The so-called miners’ huts were small, rustic farm houses in which the miners used to live together with their families. They were mainly to be found in Obergand and Untergand, close enough to the mines that the miners could travel between their home and workplace by foot every day. The families were allowed to use the land for farming and raising livestock, thereby earning a little extra money. In some cases, the miners’ families were also allowed to cut firewood from the adjacent forests.

Fig.: Restored miners’ hut in Fügen, Zillertal (Illustration © Oliver Kopp)

Fig.: Miners’ hut used both to rest and to store materials and mining tools (Illustration © Oliver Kopp)

Fig.: Miners‘ hut used to store materials and mining tools (Illustration © Oliver Kopp)

Miners’ forge from
the year 1554

Fig.: Illustration of a mountain forge adapted from the Schwazer Bergbuch, published in 1554 (Illustration © Oliver Kopp)

Fig.: A fully running blacksmith shop in the Knappenwelt Gurgltal, Tarrenz (Picture © Knappenwelt Gurgltal)

Fig.: Pick from a miner’s toolkit, which usually consisted of a hammer and pick to drive tunnels into the mountain; site of the find: Gand

Every mine, regardless of how small, had a hut for miners to store materials and tools, especially those that were necessary to carry out the hard work in the pits. This included various tools, first and foremost hammers and picks, but also wooden planks, beams, and stakes as well as iron parts such as straps, hinges, and spare parts for tools. Often, accommodation was also included, so that miners could not only store the things they did not need,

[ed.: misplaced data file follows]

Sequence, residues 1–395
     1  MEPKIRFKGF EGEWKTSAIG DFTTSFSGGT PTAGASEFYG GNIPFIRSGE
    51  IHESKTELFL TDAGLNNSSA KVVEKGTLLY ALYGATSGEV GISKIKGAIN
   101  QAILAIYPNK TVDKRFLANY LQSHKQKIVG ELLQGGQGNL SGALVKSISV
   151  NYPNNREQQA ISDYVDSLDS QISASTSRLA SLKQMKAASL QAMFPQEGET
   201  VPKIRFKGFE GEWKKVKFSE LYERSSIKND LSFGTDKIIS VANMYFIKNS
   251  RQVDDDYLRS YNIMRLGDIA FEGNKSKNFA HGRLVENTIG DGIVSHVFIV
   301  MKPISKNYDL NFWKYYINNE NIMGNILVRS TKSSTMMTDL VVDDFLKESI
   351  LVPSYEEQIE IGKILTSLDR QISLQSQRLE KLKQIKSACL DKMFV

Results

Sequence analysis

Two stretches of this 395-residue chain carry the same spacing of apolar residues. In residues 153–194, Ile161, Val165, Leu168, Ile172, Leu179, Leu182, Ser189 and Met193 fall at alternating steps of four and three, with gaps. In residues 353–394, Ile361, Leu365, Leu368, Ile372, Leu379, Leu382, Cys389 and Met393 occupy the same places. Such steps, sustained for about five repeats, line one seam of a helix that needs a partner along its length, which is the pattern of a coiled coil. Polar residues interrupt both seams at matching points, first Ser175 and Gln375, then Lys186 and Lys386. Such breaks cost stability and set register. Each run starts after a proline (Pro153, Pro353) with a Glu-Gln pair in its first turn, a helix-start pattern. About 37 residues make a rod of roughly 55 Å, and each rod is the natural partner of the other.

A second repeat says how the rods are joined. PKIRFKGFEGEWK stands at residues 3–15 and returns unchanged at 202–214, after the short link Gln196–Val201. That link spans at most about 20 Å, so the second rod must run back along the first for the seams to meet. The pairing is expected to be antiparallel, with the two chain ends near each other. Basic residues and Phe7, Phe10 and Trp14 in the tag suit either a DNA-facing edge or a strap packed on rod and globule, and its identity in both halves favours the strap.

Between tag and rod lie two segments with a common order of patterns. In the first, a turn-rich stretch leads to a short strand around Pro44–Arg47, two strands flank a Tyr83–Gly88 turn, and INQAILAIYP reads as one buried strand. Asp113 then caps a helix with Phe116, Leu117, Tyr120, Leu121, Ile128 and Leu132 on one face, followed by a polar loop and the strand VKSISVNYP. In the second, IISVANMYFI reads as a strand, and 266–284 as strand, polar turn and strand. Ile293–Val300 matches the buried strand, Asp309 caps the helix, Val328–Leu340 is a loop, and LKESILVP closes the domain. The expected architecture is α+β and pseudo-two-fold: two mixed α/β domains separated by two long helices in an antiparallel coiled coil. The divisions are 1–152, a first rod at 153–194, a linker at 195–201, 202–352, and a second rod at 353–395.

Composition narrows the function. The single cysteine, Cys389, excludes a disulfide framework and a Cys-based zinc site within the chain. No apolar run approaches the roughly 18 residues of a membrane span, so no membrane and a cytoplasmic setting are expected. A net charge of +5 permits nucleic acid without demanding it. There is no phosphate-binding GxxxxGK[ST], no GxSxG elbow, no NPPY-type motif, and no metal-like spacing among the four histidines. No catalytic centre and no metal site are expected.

but also warm themselves up and prepare something to eat at the hearth. The huts at larger mining sites could also host a small forge, which was helpful in preparing or repairing tools. A good quality toolkit was essential for the successful operation of any mine, which is also why a blacksmith was employed wherever possible. One of the most important tools was the gad, used to break up or loosen rock and later to sharpen the gimlet.

Sometimes, if the so-called pit hut was directly located at the entrance to the mine, there was also a mine surveyor sitting in the house, recording the exact times at which the miners went into the mine and came out again.


Miners usually lived in very simple houses or huts. Special miners’ housing was built only where the mines were situated higher up the mountain or a long distance from the next village. The miners lived there from Monday to Friday. The basic huts were equipped with a dining and common area, as well as a dormitory. As the Gand mines could be reached by foot in less than an hour, no separate mountain housing was erected.

click to read next info board